Quotes by Women Artists
Our bones ache only while the flesh is on them. Stretch it as thin as the temple flesh of an ailing woman and still it serves to ache the bone and to move the bone about; and in like manner the night is a skin pulled over the head of day that the day may be in a torment. We will find no comfort until the night melts away; until the fury of the night rots out its fire.
Rentals sank, living rose. I could not afford help. I must be owner, agent, landlady and janitor. I loathed landladying... I tried in every way to augment my income. Small fruit, hens, rabbits, dogs - pottery... I never painted now - had neither time nor wanting. For about fifteen years I did not paint.
I don't really like Nirvana that much. [grins] Sorry, promotional people, Universal. I'm more into Mercury Rev, Oasis, Brian Jonestown Massacre. [laughs] The grunge scene is not what I'm interested in. But "Territorial Pissings" is a fucking great song. And "Dumb"—I cry every time I hear that song. It's a stripped-down version of Kurt's perception of himself—of himself on drugs, off drugs, feeling inadequate to be titled the voice of a generation.
I see art-making, especially that which comes from the margins of the mainstream, as a site of resistance, a way of interrupting and intervening in those historical and cultural fields that continually exclude me, a sort of gathering of forces on the borders. For the dominant hegemonic stance that has worked to silence and subdue gender and ethnic difference has also silenced difference based on sexual preference.
I feel that we are living a very fragmented life; the whole world — you too. So I perceive the world in fragments. It is somewhat like being on a very fast train and getting glimpses of things in strange scales as you pass by. A person can be very, very tiny. And a billboard can make a person very large. You see the corner of a house or you see a bird fly by, and it's all fragmented. Somehow, in painting I try to make some logic out of the world that has been given to me in chaos. I have a very pretentious idea that I want to make life, I want to make sense out of it. The fact that I am doomed to failure — that doesn't deter me in the least.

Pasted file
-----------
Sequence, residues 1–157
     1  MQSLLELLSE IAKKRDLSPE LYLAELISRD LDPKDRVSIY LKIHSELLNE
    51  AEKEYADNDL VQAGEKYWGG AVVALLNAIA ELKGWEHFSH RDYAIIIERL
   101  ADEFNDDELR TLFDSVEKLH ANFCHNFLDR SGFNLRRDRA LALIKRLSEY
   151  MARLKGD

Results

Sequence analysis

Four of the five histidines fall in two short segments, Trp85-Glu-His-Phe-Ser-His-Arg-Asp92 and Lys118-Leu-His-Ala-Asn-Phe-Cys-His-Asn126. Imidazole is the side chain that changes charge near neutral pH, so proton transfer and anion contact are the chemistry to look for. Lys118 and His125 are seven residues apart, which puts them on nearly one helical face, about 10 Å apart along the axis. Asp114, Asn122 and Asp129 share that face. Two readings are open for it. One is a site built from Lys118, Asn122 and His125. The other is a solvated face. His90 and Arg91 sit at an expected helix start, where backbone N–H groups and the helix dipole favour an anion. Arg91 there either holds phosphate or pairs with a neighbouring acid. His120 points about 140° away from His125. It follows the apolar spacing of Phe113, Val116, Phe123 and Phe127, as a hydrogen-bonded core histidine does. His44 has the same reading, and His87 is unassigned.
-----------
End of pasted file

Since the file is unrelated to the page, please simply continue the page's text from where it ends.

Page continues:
Vito Acconci's extraordinary career—poetry, art, architecture: a sort of triathlon of the arts—began in the Bronx, where as an aspiring author of seven years he wrote stories about cowboys and athletes. At his Catholic college, he published sexy stuff about priests and nuns that got the school magazine banned for three issues running. He went on to write fiction in the Iowa Writers' Workshop. But when he came back to New York in the early '60s, something changed, and he began writing poems. Highly conceptual constructions, they did not tell stories, express feelings, or evoke a fictional world. They were not representational. Maybe you could call them presentational: this is a word, this is a sentence, you are reading.
I came into DreamWorks looking to direct. I was hoping to go through story as a way toward directing, because that's how it worked at Disney, story people became heads of story, and heads of story became directors. And they said, 'Right now we don't have a lot of story, but we have visual development,' and I said, 'Good, I paint!'